Fatimah Warner is a woman with no name but a lot to say. Chicago rapper and activist Noname strolled onto the music scene with her jazz-influenced sound and spoken word rhymes. She did not hesitate to illuminate her obstacles as a black woman growing up in the southside of Chicago. Her music personifies protest, from her critiques of our nation’s government, Chicago’s high homicide rate and the transparency of her insecurities.
Entering high school, I became so conflicted with my race, gender and how I would maneuver through this life. Her neglect to conform to rap, especially female rap, was inspiring. Noname knew she did not fit into a particular box but did not downplay those who fit into boxes perfect.
Today, Noname is an anti-capitalist rapper-activist and now head of a book club called “Noname’s Book Club.”
“Noname’s Book Club is an online/IRL community dedicated to uplifting people of color (POC) voices. We do this by highlighting two books each month written by authors of color. In addition to our social media presence, we feel it is highly important to have free in-person meet-ups to discuss the monthly picks in a safe and supportive environment. Currently, we have six local chapters with plans for continuous growth,” according to Noname’s Book Club’s official website.
It was inspirational to see this initiative becoming so widespread on social media. Seeing the book clubs taking place in areas such as Chicago (of course), Baltimore, Philadelphia, Boston and New York, all set in coffee shops, book stores or libraries. To see so many young black and brown individuals in vast numbers post their monthly books, book club merch or book club experience on Twitter was refreshing because reading is still a desirable hobby and loved by many.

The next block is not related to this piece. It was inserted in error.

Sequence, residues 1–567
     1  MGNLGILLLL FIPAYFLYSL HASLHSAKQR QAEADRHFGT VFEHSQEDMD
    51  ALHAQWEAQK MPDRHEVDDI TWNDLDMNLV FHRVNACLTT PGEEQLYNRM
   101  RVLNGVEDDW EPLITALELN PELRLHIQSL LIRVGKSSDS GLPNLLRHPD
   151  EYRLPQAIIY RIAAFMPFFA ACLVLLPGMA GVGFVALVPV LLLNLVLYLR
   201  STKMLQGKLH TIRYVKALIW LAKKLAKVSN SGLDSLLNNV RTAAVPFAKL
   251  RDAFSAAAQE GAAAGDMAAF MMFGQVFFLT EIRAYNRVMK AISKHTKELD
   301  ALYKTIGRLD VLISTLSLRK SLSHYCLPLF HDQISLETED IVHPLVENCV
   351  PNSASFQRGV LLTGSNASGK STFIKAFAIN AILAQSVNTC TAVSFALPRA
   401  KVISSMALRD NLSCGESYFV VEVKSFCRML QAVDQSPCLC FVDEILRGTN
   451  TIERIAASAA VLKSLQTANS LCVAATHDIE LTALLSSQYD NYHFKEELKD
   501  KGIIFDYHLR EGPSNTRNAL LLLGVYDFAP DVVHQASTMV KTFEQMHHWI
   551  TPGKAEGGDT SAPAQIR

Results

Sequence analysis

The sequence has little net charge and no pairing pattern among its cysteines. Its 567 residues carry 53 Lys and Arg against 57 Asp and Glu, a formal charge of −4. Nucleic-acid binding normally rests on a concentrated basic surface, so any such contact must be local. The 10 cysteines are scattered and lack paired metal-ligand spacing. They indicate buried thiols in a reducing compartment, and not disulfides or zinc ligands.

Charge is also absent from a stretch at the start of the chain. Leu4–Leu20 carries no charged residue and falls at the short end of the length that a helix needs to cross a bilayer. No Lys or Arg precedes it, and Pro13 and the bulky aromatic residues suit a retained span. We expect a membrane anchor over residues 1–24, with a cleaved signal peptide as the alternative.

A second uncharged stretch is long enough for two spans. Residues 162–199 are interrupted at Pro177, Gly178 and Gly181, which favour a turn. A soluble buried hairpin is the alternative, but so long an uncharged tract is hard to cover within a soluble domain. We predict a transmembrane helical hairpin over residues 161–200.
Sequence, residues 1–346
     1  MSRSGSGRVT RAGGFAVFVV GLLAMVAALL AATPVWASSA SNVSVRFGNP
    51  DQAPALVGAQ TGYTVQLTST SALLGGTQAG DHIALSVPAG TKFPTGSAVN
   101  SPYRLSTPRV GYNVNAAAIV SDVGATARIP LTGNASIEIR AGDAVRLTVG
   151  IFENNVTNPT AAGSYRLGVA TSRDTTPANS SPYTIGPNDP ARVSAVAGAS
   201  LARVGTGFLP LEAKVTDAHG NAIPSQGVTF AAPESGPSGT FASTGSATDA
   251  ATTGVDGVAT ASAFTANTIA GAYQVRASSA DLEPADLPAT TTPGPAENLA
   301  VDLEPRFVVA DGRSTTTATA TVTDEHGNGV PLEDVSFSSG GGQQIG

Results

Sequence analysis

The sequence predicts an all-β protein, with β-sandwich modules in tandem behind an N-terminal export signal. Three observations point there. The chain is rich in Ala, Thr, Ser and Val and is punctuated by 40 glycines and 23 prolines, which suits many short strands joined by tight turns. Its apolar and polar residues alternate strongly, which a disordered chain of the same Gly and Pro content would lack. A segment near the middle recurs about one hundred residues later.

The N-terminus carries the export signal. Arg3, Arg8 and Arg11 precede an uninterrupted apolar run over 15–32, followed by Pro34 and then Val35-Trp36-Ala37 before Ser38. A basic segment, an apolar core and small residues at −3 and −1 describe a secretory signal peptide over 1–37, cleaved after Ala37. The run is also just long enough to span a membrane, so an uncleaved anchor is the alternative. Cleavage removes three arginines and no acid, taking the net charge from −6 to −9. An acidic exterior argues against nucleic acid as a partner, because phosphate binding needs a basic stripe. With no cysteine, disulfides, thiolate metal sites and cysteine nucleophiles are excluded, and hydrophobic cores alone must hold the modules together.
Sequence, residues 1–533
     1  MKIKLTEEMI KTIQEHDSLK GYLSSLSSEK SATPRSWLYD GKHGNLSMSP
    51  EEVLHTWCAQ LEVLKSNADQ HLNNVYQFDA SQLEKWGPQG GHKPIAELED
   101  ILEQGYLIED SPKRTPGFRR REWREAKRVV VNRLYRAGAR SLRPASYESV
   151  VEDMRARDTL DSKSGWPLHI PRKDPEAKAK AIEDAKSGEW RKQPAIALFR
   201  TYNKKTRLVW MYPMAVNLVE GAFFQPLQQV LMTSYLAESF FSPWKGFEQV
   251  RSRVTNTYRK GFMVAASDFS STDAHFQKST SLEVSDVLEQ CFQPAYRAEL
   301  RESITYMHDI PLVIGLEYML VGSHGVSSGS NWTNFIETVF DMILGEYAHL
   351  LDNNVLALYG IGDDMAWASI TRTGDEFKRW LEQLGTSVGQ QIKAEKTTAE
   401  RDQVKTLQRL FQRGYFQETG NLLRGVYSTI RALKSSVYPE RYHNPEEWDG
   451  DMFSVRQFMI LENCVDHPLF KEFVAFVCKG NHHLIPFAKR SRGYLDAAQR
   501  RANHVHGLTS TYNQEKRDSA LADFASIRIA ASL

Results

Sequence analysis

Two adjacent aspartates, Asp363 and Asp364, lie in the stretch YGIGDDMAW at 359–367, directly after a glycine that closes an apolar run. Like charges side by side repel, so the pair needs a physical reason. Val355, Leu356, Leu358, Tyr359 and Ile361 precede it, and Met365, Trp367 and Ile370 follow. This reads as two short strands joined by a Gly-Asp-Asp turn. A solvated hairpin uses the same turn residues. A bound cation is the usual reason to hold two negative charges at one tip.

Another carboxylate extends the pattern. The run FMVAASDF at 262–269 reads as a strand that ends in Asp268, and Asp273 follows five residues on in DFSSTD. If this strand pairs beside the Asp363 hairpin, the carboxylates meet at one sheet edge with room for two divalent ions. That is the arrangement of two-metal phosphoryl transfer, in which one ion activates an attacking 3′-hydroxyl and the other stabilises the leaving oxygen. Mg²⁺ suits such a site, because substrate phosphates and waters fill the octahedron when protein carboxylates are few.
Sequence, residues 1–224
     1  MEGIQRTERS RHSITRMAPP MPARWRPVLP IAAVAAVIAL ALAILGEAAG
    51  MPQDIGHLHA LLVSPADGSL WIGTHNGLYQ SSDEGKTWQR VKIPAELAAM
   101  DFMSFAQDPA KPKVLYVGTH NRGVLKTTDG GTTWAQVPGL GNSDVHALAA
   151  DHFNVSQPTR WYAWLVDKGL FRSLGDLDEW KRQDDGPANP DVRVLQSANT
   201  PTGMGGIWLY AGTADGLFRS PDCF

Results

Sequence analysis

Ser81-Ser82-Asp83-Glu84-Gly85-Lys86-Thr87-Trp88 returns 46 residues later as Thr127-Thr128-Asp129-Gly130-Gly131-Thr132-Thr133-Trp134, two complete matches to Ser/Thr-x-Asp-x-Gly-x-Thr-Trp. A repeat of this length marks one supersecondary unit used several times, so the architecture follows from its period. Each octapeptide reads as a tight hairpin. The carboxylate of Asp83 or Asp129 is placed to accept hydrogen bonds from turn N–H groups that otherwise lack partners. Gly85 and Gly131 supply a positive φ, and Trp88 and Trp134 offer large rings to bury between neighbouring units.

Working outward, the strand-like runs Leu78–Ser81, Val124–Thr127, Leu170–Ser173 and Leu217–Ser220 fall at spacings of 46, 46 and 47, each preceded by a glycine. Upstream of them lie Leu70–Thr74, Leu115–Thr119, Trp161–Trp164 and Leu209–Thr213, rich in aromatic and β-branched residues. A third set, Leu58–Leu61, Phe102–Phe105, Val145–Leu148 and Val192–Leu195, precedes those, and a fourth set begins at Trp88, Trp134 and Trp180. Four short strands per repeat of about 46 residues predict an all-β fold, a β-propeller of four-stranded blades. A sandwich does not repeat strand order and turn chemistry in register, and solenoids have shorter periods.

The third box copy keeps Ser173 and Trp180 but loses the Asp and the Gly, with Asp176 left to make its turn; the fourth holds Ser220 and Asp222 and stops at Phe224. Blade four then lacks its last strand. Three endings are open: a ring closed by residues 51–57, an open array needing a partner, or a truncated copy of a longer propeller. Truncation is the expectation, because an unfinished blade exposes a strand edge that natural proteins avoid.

One of Noname’s most remarkable projects was her collaboration with prisons advocating education for inmates. Noname has been very vociferous on her opinion on mass incarceration. She wants her fans to explore the intersection of race, justice mass incarceration in the United States and realize the Thirteenth Amendment of the United States Constitution, adopted in 1865, abolished slavery throughout the United States and ended involuntary servitude except as a punishment for conviction. With that, we see how this law is not colorblind, and in fact perpetuate a never-ending cycle of wrongful imprisonment and inhumanity.
“In 2020 we also want to raise funds to send our monthly picks to select prisons in various cities. It is extremely important to us to share work we believe in with as many folks as possible, and none of this is done without hard work,” according to Noname’s Book Club.
For Women’s History month, I wanted to speak of a woman not only who is of my generation, but a woman who is unapologetic in her skin and truth. Noname does not shy away from uncomfortable conversations whether in her politics or music. Being a journalist, I aspire to be that, to be raw and real in every sense without fear of critics and criticism. But, it is her vulnerability with her flaws and imperfections, using them as ammunition for verses and her activism.
In words of Noname, say no to Amazon and shop local.
Junior journalism major